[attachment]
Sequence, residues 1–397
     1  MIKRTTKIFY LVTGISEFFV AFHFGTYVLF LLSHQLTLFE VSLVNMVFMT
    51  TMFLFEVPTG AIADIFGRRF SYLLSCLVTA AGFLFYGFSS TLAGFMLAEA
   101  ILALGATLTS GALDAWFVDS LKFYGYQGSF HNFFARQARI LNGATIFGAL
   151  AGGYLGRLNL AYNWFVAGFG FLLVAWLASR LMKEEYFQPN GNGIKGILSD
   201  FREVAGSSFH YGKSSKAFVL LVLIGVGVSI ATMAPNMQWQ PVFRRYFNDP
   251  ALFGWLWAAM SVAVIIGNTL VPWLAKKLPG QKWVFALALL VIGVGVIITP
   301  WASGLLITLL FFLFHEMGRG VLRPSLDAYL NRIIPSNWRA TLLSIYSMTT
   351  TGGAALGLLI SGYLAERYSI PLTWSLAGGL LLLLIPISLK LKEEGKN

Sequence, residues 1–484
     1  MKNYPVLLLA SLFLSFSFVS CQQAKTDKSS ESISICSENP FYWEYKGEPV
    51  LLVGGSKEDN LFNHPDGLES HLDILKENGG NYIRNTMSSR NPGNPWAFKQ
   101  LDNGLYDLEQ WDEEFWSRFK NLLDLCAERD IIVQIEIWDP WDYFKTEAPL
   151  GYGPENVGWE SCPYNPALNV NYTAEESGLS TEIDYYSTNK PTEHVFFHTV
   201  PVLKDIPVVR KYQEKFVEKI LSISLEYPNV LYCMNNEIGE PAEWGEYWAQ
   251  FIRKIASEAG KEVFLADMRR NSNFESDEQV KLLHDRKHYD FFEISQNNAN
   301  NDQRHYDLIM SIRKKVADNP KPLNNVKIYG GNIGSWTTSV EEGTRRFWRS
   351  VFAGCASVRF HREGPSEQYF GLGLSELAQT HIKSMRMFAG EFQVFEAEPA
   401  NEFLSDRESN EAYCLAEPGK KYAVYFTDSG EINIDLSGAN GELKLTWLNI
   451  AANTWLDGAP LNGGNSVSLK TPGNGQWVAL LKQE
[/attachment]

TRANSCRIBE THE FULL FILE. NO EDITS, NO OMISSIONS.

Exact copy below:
Sequence, residues 1–397
     1  MIKRTTKIFY LVTGISEFFV AFHFGTYVLF LLSHQLTLFE VSLVNMVFMT
    51  TMFLFEVPTG AIADIFGRRF SYLLSCLVTA AGFLFYGFSS TLAGFMLAEA
   101  ILALGATLTS GALDAWFVDS LKFYGYQGSF HNFFARQARI LNGATIFGAL
   151  AGGYLGRLNL AYNWFVAGFG FLLVAWLASR LMKEEYFQPN GNGIKGILSD
   201  FREVAGSSFH YGKSSKAFVL LVLIGVGVSI ATMAPNMQWQ PVFRRYFNDP
   251  ALFGWLWAAM SVAVIIGNTL VPWLAKKLPG QKWVFALALL VIGVGVIITP
   301  WASGLLITLL FFLFHEMGRG VLRPSLDAYL NRIIPSNWRA TLLSIYSMTT
   351  TGGAALGLLI SGYLAERYSI PLTWSLAGGL LLLLIPISLK LKEEGKN

Sequence, residues 1–484
     1  MKNYPVLLLA SLFLSFSFVS CQQAKTDKSS ESISICSENP FYWEYKGEPV
    51  LLVGGSKEDN LFNHPDGLES HLDILKENGG NYIRNTMSSR NPGNPWAFKQ
   101  LDNGLYDLEQ WDEEFWSRFK NLLDLCAERD IIVQIEIWDP WDYFKTEAPL
   151  GYGPENVGWE SCPYNPALNV NYTAEESGLS TEIDYYSTNK PTEHVFFHTV
   201  PVLKDIPVVR KYQEKFVEKI LSISLEYPNV LYCMNNEIGE PAEWGEYWAQ
   251  FIRKIASEAG KEVFLADMRR NSNFESDEQV KLLHDRKHYD FFEISQNNAN
   301  NDQRHYDLIM SIRKKVADNP KPLNNVKIYG GNIGSWTTSV EEGTRRFWRS
   351  VFAGCASVRF HREGPSEQYF GLGLSELAQT HIKSMRMFAG EFQVFEAEPA
   401  NEFLSDRESN EAYCLAEPGK KYAVYFTDSG EINIDLSGAN GELKLTWLNI
   451  AANTWLDGAP LNGGNSVSLK TPGNGQWVAL LKQE